Vol. 14


An Unforgettable Journey on the Island

1969; an island in Jiangxi Province, People’s Republic of China

"An Unforgettable Journey on the Island" illustration by Noah Palmer: A small snake in a jar, and other small creatures are highlighted against a background of mountains and trees.In 1969, when my father was six, he lived in Beijing, China, where my grandparents were professors at Peking University. In the summer of that year, right in the middle of the Chinese Cultural Revolution,1 Chairman Mao2 sent all the professors at Peking University to an isolated island in Jiangxi Province, to do labor for re-education.3 My dad had to go with his parents to Jiangxi.

It was a long journey. My dad took a train, many buses, and finally a boat to get to the island. When they reached their destination, they found no houses, almost nothing to eat, and dirty water. Mosquitoes, scorpions, snakes, and rats were there to welcome them. My grandparents and their colleagues had to build shelters. They also had to boil their drinking water. The food became monotonous after a while.

Having lived in a nice Beijing apartment, my dad didn’t understand why his family had to live in such a harsh environment. He missed the candy he loved and the toys he had spent many hours playing with.

My grandparents were forced to do farm work, and my dad was too young to go to school, so he completely immersed himself in the beautiful scenery around him. Every day he would go out exploring, and the nature was his good friend. My father taught himself basic survival skills, such as how to start a fire and how to catch crickets and dragonflies, and he would often enjoy inspecting the bugs. Sometimes my father would cook and eat the insects after he caught them. He even taught himself to identify which crickets were female and which were male. Every day there was something new to explore.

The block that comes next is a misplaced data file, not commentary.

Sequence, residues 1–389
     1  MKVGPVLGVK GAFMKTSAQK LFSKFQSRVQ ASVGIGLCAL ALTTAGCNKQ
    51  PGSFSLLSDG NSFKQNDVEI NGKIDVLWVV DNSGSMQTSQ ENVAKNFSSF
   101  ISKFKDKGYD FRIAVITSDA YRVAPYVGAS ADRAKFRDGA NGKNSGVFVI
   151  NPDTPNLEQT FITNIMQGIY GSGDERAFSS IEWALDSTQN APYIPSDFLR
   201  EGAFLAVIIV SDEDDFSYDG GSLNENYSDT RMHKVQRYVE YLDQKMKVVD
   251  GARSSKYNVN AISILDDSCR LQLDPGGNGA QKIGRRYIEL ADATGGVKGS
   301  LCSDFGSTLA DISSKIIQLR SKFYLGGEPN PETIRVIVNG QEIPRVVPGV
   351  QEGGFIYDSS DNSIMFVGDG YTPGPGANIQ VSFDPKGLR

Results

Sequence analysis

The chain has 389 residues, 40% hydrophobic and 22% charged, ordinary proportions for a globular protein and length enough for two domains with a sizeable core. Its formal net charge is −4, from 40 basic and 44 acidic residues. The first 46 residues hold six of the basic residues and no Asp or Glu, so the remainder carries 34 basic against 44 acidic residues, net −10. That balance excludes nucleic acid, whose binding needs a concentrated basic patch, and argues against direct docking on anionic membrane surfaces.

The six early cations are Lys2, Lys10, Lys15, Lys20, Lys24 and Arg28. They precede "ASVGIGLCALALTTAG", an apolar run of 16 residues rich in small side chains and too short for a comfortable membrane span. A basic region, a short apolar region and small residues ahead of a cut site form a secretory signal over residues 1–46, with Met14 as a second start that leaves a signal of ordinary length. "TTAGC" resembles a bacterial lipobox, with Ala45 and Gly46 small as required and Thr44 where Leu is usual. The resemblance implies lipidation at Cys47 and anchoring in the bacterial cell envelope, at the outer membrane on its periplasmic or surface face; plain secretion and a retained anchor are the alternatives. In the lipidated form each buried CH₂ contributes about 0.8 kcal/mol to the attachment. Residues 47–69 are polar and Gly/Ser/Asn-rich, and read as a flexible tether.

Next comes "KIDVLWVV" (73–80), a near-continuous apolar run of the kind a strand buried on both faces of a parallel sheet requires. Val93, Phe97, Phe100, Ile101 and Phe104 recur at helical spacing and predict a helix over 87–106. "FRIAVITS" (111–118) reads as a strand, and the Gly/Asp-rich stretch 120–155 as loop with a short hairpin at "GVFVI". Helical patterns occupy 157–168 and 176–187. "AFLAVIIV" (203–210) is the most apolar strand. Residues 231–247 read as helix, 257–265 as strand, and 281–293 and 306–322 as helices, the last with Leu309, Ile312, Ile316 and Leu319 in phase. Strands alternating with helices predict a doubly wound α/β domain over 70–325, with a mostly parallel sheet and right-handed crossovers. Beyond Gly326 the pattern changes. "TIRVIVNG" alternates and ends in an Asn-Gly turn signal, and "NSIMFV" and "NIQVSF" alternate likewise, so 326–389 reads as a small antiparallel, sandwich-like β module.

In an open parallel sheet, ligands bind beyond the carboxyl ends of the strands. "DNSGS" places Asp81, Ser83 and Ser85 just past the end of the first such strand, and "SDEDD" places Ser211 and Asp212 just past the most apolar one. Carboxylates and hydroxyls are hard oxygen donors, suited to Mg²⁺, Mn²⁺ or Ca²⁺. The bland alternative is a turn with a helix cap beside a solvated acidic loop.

There was a professor who was a master at catching snakes. One time the professor caught a beautiful, poisonous bamboo leaf snake that was a foot and a half long. The snake had green skin and a triangular head, and the underside of the snake was white with a red line down the middle. The professor kept the snake in a glass jar, so my father and his friends were able to study the structures of the snake. When the snake opened its mouth, my father could see the needle-shaped teeth that could inject venom — and the black tongue.

At the time, meat was a rare delicacy for the people on the island, so the snake later was killed and chopped into pieces, but each piece still wiggled for a while after the chopping. The professor cooked a delicious meal, and it was the best meal they had had in a long time. Later, my father followed the professor along on his snake-hunting journeys. They caught many more snakes, and that delicacy turned into a regular meal. My dad still remembers savoring the marvelous meals and tasting the freshness of the meat.

Even though life was very cruel on the island, it was the most memorable time from my father’s childhood. He learned to withstand harsh conditions and learned how to enjoy himself with the nature.

Sarah Ding; Missouri, USA

Illustrator: Noah Palmer; Missouri, USA


1. The Chinese Cultural Revolution was the government’s attempt to strengthen Communism in the People’s Republic of China by removing non-Communist practices and Chinese traditions.

2. Mao Zedong (mow zuh DOONG — first syllable rhymes with “how”) was a founder of the Communist Party in China and served as chairman of that party from 1943 to 1976. He also led the revolution that established the People’s Republic of China, and served as leader of that country from 1954 to 1959.

3. Re-education, which often involved placing people in harsh living conditions, attempted to change people’s thinking about their government.



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